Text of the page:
TAIPEI/HANOI (Reuters) - A dust explosion rocked Taiwanese conglomerate Formosa Plastics Group’s new steel plant in Vietnam late on Tuesday, a day after it resumed test operations for the first time since causing one of the country’s worst environmental disasters last year.
The explosion was caused by the combustion of fine dust particles in the air as a result of an equipment malfunction, Chang Fu-ning, an executive vice president of Formosa Ha Tinh Steel, told Reuters.
The incident is likely to raise fresh concerns about the safety of the $11 billion plant, although Chang said there were no casualties and it would have little impact on preparations for the launch of production.
“Our equipment which collects dust suffered an explosion. We immediately cut off the power supply for a security check. We’re trying to find out what caused it,” Chang told Reuters by phone.
“There was no fire, damage or casualties as a result,” he said. “The test-runs are still ongoing.”
The provincial People’s Committee in Ha Tinh confirmed that the explosion, triggered by limestone dust, had caused some physical damage but no injuries or environmental harm.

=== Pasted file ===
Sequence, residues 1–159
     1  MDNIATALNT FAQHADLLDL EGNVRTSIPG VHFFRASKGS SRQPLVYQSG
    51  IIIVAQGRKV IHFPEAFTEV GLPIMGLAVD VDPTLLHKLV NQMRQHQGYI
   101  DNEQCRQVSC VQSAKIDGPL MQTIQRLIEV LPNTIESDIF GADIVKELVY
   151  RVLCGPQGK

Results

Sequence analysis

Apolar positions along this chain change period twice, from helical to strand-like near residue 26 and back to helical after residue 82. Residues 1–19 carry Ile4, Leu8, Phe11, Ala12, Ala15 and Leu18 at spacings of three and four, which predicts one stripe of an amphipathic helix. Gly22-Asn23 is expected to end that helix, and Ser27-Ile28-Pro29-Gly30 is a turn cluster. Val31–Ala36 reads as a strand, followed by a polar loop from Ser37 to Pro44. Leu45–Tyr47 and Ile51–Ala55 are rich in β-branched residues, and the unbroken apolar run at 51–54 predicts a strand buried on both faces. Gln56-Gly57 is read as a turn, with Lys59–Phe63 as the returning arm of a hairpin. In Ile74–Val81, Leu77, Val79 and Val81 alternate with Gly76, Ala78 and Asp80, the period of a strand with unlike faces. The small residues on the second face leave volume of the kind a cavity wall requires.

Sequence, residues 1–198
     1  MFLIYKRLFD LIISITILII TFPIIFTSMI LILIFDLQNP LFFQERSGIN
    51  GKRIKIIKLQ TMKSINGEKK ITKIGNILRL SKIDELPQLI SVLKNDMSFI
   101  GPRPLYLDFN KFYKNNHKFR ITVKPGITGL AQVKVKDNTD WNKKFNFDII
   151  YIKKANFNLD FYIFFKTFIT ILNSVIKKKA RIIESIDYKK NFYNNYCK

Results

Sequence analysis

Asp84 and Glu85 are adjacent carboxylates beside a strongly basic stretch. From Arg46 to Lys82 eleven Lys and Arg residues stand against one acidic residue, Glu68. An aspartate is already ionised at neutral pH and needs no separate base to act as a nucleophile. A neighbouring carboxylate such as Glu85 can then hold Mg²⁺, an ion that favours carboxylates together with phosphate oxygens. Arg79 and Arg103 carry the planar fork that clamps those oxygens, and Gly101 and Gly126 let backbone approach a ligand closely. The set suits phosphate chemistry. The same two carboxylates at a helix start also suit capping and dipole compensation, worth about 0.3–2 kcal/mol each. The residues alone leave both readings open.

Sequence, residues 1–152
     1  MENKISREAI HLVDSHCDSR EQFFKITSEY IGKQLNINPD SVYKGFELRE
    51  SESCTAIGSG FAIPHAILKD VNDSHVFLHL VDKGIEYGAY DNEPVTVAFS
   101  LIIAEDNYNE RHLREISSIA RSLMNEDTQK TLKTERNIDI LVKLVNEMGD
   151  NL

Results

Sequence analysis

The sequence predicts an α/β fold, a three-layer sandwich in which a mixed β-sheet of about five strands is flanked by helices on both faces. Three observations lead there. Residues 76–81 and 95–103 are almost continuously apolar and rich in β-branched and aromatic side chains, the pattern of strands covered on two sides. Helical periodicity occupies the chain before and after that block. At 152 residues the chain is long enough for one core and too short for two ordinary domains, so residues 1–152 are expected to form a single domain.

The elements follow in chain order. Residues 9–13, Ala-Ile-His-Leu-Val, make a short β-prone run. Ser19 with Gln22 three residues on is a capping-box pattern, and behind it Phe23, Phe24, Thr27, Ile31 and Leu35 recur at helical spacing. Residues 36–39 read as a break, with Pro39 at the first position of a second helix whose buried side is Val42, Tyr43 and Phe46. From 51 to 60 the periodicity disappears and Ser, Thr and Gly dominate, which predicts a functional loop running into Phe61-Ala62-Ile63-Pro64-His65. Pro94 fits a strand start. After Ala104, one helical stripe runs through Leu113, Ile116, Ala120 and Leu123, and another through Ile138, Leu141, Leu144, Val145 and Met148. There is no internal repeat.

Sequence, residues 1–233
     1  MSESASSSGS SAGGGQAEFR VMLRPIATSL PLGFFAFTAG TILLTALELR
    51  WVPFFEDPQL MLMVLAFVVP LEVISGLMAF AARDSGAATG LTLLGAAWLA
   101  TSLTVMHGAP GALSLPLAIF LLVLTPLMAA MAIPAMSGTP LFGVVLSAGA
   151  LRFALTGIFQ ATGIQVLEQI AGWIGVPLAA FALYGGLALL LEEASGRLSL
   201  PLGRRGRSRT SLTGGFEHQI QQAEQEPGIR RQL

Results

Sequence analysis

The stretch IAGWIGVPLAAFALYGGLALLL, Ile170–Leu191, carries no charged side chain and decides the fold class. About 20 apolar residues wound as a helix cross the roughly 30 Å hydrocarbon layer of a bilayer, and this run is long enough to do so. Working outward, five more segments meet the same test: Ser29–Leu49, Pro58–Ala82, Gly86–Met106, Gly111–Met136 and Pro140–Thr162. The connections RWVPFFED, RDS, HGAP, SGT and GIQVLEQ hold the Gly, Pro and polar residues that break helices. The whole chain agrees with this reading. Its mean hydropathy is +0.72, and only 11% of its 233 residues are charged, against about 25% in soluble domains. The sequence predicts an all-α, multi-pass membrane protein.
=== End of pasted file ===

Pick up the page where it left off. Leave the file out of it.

The Formosa Ha Tinh Steel plant spilled toxic waste that polluted more than 200 km (125 miles) of Vietnam’s coastline in 2016, devastating sea life and local economies dependent on fishing and tourism. The plant restarted on Monday after its operations were halted in the wake of the disaster.
Formosa paid $500 million in compensation to affected communities and in March said it would boost investment by about $350 million in the steel project, amid public outcry against the company and the government’s handling of the spill.
The fresh investment would go into improving environmental safety measures, raise working capital, buy material and build a dry coking system.
Ha Tinh’s chief party secretary has asked Formosa to inform authorities of the cause of explosion within seven days. Formosa had confirmed it would fix the problem and check equipment to ensure a safe test run within 15 days, a statement from the province said.
The plant started test operations on Monday after receiving a test-run license from the Vietnamese government.
The company has said it hopes to start commercial production in the fourth quarter of this year, subject to an approval from the Vietnamese government.
Reporting by Faith Hung in TAIPEI and My Pham in HANOI; Editing by Stephen Coates and Sunil Nair
Our Standards: The Thomson Reuters Trust Principles.